rationale + live demo
One of the options I’ve implemented in Simply Love on my ITG cab in the city is “DDR Timing”. It’s there so that, along with one of the DDR noteskins and judgement style graphics, players can get something 75% close to the actual experience.
That means, access to content that may be locked behind several hundred Australian dollars of paywall for less than a single percent of that amount. Oh, and with superior pads, to boot.
The issue is that SL/SM5 can’t quite replicate calculating the DDR A percentage-based “money” score, mostly due to a quirk with what counts as one “note”. Yet, for DDR players of the more rebellious kind who wish to
superiority flex scorepost, it would be great if they knew how to convert values as displayed on the ITG results screen into the money score. Which I happened to have done already.
Amidst working on that, the findings below are what I’ve figured out about the calculation. I cover ways to convert both sources of result screens (DDR and ITG) to the money score.
The Score Weights
The “money score” (the one out of 1 000 000) is a percentage based system based off these following metrics/weights:
Not shown in the results screen of DDR is the NG (no good) judgement, worth 0 points, which is given only to dropped freezes. Whilst you do see this as an in-game judgement for hit shock arrows, in actuality they are misses, which metric wise are identical.
The maximum possible score would be getting Marvelous for every judge, holding every freeze, and avoiding every shock, i.e. 5 pts × (taps + freezes + shocks). Conveniently, sources of knowledge like RemyWiki should have these values readily available for you to search.
- Your points are divided by the max points possible to give a percentage, which is multiplied by 1 000 000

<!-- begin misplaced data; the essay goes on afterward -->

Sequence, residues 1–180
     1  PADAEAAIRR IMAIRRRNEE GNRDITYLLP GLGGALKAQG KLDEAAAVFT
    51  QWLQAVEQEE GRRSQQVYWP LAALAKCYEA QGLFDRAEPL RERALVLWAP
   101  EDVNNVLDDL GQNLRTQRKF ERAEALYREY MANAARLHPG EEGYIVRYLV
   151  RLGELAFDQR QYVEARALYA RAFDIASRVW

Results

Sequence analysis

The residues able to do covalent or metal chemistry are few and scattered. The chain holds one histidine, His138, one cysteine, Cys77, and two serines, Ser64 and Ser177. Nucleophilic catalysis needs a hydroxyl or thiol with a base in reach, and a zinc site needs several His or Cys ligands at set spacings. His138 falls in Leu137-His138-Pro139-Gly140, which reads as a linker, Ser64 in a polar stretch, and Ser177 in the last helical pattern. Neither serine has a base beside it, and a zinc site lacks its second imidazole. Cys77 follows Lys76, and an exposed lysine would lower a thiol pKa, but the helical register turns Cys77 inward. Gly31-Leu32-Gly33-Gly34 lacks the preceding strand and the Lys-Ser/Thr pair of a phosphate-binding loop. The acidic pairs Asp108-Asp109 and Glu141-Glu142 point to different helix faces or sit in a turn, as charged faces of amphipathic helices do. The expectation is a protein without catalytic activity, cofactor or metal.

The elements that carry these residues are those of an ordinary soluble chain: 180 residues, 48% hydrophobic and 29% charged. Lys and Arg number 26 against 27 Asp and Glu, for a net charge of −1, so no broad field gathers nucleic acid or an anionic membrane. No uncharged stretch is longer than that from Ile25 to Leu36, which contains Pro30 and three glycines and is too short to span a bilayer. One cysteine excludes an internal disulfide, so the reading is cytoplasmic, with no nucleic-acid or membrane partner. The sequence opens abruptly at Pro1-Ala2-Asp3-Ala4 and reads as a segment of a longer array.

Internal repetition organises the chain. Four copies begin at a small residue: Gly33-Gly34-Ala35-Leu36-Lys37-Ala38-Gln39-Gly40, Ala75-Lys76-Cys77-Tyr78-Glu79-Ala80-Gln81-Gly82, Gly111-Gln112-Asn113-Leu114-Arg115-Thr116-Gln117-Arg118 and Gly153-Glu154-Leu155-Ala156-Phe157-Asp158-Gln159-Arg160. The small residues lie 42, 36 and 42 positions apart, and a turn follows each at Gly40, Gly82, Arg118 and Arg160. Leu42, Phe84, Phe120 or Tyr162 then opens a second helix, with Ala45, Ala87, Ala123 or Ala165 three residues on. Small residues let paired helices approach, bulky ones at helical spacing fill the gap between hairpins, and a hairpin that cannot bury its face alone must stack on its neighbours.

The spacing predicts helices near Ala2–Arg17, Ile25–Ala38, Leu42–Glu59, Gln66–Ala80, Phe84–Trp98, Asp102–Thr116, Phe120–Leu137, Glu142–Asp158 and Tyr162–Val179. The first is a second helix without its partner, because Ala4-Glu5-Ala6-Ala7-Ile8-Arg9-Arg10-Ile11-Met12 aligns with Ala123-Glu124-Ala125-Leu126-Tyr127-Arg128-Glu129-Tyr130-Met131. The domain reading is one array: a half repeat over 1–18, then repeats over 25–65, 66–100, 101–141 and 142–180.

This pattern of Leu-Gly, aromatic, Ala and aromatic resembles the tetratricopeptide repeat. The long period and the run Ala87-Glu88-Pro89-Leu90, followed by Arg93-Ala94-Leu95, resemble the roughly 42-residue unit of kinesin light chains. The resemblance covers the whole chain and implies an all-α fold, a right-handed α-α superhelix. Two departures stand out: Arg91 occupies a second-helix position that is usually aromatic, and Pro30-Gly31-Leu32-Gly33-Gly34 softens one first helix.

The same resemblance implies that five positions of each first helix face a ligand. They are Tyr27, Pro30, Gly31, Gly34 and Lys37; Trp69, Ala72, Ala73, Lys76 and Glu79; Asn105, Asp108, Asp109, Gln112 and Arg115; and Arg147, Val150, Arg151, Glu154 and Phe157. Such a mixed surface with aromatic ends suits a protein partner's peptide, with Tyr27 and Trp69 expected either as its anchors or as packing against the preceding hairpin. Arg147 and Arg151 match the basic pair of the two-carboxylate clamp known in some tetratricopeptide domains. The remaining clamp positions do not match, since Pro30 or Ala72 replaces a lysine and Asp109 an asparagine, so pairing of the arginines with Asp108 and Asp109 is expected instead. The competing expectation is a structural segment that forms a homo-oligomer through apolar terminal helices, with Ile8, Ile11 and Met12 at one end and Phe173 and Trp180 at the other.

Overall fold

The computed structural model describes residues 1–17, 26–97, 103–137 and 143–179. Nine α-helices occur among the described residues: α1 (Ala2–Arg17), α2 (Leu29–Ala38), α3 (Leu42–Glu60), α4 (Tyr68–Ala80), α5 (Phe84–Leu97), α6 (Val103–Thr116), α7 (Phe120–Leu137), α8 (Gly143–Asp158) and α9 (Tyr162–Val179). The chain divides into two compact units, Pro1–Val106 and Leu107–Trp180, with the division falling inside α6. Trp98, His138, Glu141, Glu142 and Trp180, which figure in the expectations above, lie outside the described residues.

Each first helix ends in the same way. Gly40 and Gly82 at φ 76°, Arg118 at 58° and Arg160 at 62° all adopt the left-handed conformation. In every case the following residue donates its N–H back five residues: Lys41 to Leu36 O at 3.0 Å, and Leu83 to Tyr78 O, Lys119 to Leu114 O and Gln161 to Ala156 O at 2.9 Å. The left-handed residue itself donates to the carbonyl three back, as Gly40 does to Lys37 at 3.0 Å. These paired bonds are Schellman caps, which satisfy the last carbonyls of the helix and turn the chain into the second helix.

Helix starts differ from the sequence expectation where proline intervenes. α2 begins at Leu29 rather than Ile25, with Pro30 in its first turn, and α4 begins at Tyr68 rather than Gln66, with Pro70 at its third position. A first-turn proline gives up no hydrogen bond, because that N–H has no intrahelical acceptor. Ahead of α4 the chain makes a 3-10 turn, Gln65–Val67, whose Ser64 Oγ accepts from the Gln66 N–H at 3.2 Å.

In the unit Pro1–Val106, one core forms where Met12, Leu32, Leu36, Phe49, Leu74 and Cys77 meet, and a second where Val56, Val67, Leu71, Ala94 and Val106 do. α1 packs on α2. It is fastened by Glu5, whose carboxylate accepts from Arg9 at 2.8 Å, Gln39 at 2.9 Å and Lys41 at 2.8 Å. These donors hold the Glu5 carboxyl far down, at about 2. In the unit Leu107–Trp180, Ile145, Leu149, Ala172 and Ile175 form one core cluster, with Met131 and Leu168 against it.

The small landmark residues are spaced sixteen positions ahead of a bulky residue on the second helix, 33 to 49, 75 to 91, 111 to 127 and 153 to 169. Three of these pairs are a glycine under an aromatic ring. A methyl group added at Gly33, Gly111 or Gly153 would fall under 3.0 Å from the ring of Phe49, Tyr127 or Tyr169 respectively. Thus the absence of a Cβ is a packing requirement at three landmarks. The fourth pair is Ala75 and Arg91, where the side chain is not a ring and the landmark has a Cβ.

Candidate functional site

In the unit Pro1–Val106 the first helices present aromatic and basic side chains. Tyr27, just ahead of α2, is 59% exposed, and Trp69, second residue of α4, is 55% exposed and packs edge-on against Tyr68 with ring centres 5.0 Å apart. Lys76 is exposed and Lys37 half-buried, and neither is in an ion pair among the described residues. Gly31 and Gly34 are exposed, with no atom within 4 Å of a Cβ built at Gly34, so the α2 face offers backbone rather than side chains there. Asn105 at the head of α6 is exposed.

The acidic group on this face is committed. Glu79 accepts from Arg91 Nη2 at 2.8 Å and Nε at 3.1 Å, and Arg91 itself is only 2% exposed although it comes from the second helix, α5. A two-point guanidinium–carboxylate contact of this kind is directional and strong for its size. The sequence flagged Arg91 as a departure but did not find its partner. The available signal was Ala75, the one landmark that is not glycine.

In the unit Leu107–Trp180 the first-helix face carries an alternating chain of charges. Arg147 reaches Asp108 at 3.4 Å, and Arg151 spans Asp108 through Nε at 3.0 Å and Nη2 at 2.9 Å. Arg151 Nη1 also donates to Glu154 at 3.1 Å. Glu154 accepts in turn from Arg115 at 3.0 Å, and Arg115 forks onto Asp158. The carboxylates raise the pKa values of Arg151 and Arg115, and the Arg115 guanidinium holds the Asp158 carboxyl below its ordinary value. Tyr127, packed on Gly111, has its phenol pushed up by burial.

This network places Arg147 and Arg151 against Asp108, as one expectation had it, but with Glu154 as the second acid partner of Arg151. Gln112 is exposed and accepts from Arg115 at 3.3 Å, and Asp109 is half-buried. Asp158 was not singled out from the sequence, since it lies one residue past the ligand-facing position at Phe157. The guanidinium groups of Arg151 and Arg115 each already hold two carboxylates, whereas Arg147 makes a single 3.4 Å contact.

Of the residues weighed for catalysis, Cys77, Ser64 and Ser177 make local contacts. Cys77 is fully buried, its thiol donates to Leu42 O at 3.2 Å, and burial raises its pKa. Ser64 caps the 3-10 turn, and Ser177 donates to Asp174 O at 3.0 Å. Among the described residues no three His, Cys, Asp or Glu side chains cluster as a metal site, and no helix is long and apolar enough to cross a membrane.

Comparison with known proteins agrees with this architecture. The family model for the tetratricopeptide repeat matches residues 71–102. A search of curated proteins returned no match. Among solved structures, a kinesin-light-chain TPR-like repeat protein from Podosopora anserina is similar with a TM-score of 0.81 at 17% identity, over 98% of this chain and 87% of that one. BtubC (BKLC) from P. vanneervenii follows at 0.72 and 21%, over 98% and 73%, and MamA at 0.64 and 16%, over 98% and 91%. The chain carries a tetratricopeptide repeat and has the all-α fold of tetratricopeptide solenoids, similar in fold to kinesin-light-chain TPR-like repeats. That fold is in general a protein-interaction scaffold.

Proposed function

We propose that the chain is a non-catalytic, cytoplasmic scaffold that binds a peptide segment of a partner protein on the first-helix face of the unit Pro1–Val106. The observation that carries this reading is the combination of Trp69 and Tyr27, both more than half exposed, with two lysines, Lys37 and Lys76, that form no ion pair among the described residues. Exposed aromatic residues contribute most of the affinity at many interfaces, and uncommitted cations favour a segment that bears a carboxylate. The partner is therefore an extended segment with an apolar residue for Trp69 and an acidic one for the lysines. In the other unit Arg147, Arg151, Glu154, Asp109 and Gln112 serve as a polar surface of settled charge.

- 10 is subtracted from every non-Marvelous judgement as seen above. Of particular note is that misses don’t count
- If you’re playing in standard mode, this score is rounded down to the nearest 10. Otherwise, it’s the nearest 1
- Voilà, that’s your money score!
Jumps and OKs
You may have noticed that two or more simultaneous notes (i.e. a jump or a hand) only receive one judge, often seen when the combo counter only goes up by one instead of (intuitively) two. Excluding the combo effect, this also occurs in StepMania, but that’s where the similarities end.
In DDR, if two freeze notes start at the same time, it is also considered as one OK (or NG) and only given once all freezes have been fully held.
To put into an example, take the very first jump freeze of Cosmic Hurricane CSP. The longer ← freeze goes for two measures (minus a beat), the shorter → freeze goes for one measure (minus a beat).
- If the → freeze is held to completion, the game still waits for ← to complete before giving you an OK. If you release ← during this period, that’s an NG
- If you immediately let go of one of the freezes (say, →), the other one (i.e. ←) also deactivates by itself after the grace period, even if you never took your foot off it
In StepMania, this wouldn’t occur because each hold is tracked per column, so instead it’d result in individual combinations of OKs/NGs. To make clear, that freeze jump in SM would be counted as one judge and two holds.
It goes without saying that in both games if you miss a freeze entirely, you also miss out on the OK. This is particularly important in DDR A because this is the only time, other than failing, where the sum of the numbers at the results screen won’t equal the actual number of all types of notes in the chart; more about that in a moment.
Shocks and OKs
The difference between the judgements of shocks and freezes could be described as so: